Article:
#EndSARS: COVID-19 Worsen Social Unrest In Nigeria —UN

Deputy Secretary-General of the United Nations, Amina Mohammed, said on Monday the socio-economic impacts of COVID-19 pandemic was responsible for the social unrest in many parts of the world, including Nigeria.

Mohammed, who stated this in a chat with State House correspondents at the end of her official engagements at the State House, Abuja, however, commended President Muhammadu Buhari’s administration over the manner it handled last month’s #EndSARS protests in the country.

The UN official had earlier on Monday met with President Muhammadu Buhari at the State House.

She later joined Vice-President Yemi Osinbajo to inaugurate the UN Plus Offer, a programme aimed at supporting Nigeria’s Economic Sustainability Plan over the next two years.

She said: “I have to say that there are a lot of protests around this world that has been exacerbated by COVID because, COVID has left people out of work, left people hopeless because of the socio-economic impact.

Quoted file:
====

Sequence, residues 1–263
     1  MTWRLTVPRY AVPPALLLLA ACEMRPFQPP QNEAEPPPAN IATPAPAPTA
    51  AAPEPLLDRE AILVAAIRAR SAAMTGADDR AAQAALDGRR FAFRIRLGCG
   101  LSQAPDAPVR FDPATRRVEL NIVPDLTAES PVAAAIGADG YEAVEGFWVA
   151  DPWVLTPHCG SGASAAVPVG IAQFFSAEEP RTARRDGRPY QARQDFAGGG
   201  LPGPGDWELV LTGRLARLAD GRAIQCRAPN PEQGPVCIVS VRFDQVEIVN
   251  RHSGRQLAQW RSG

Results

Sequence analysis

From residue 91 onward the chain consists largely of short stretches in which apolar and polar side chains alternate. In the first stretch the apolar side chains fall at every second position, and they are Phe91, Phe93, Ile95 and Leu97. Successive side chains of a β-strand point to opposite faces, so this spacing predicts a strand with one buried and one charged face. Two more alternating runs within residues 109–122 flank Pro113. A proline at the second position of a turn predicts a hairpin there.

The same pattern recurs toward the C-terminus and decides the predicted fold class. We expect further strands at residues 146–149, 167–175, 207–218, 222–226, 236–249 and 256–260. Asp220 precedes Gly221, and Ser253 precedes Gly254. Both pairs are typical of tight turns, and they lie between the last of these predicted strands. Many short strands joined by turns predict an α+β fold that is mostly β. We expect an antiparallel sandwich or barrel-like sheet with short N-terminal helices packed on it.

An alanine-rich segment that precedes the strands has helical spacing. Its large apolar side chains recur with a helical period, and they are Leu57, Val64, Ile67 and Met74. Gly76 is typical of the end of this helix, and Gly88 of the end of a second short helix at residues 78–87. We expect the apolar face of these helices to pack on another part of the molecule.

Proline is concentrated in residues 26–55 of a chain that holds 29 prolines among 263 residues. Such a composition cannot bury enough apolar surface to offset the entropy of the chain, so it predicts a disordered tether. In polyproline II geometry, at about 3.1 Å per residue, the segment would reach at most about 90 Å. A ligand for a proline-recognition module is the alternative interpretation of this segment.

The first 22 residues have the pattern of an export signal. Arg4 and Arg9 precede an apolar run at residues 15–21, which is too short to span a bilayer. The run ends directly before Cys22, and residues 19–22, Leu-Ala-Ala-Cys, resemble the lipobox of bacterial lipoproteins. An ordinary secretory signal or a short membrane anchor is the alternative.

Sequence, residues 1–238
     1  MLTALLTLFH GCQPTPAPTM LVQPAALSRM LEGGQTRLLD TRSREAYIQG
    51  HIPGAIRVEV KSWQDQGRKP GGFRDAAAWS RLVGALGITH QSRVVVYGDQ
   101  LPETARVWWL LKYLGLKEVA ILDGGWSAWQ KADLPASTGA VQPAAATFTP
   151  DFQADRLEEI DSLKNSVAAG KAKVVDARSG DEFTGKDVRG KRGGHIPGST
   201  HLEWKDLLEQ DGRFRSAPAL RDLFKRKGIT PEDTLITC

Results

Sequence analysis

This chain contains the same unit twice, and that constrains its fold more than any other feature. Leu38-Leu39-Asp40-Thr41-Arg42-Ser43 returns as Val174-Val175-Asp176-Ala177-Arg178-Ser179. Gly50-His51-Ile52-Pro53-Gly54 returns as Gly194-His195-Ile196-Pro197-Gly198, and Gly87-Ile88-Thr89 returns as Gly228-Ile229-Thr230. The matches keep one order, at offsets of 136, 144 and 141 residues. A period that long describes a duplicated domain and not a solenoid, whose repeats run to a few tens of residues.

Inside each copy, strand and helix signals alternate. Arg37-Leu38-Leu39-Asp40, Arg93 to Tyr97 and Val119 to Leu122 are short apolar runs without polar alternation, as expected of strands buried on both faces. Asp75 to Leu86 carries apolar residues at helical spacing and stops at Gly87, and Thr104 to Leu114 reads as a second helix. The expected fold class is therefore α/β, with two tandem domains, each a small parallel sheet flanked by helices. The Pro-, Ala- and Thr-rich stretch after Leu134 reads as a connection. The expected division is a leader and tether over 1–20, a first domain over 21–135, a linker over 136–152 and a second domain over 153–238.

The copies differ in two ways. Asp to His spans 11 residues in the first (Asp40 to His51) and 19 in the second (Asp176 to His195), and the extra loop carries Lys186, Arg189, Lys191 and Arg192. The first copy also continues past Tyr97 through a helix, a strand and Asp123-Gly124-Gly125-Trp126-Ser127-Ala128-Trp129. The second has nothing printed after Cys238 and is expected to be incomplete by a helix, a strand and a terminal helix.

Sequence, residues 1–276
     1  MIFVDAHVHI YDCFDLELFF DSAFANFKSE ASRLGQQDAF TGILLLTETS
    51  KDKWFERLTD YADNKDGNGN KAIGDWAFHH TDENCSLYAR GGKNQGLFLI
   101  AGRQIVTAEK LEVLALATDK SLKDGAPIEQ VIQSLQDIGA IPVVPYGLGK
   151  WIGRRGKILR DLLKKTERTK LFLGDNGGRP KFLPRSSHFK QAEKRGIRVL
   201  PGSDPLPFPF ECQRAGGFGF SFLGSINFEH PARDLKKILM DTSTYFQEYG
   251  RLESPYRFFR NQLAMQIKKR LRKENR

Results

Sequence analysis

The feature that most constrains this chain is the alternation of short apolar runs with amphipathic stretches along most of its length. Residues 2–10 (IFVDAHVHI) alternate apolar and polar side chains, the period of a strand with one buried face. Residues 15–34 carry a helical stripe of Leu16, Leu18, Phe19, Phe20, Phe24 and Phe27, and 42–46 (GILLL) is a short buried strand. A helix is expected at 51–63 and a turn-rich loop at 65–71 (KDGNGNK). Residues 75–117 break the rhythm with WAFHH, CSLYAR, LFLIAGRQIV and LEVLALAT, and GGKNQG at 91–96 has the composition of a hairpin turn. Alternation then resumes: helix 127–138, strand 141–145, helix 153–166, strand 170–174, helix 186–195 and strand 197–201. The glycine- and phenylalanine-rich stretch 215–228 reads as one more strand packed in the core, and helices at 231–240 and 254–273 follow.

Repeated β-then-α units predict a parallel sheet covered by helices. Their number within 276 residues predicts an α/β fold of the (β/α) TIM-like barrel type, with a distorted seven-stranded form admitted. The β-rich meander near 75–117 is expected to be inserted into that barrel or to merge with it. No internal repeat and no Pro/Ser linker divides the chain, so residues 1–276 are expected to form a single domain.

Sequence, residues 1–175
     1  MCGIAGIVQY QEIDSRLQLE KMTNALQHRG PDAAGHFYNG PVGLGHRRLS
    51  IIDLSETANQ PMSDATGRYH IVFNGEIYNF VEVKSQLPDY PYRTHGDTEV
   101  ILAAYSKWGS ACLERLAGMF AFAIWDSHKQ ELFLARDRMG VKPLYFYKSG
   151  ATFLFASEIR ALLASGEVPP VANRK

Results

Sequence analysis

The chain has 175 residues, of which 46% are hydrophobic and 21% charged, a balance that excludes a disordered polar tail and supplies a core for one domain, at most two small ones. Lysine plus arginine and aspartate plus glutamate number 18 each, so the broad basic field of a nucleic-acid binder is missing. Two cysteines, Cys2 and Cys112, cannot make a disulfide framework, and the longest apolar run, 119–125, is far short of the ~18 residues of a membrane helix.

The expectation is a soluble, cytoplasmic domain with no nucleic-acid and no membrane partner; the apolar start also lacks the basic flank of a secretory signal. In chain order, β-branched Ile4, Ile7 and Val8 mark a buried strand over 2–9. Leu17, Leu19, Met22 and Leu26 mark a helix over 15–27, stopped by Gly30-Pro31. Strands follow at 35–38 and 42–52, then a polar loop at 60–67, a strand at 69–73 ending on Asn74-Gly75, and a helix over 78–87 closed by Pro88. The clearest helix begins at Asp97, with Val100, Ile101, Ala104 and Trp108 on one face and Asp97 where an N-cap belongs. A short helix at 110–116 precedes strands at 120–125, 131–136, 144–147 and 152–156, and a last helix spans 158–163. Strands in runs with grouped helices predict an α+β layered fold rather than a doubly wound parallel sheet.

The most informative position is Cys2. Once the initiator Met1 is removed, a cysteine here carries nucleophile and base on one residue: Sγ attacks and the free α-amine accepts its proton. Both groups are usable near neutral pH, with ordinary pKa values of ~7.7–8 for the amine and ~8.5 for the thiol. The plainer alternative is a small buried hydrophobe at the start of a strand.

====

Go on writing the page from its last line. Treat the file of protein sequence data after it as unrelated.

“And in many of those protests, we have not seen governments turn around in response as quickly as this government did.

“So, the UN response to this is that, we must make sure that what happened in these protests, we are able to address those issues, those gaps, and begin the reform.”

Mohammed, who is also Nigeria’s former Minister of Environment, reiterated the commitment of the UN to offer more support for Nigeria and other developing countries in order to cushion the effects of the COVID-19 pandemic.

“It is a solidarity visit, first to the government and the people that we have to serve and accompany on various missions whether they are development, humanitarian, or political in the various UN offices.

“It is also one of solidarity to UN staff around the world that have remained on the frontline in the battle against COVID-19.

“COVID-19 is of course an unprecedented health crisis but unfortunately the side effects of some of the issues we had to do to suppress the transmission of COVID-19 had to do with the socio-economic impacts.

“So many, if not all developing countries are dealing with the socio-economic impacts of this virus,” the UN official added.

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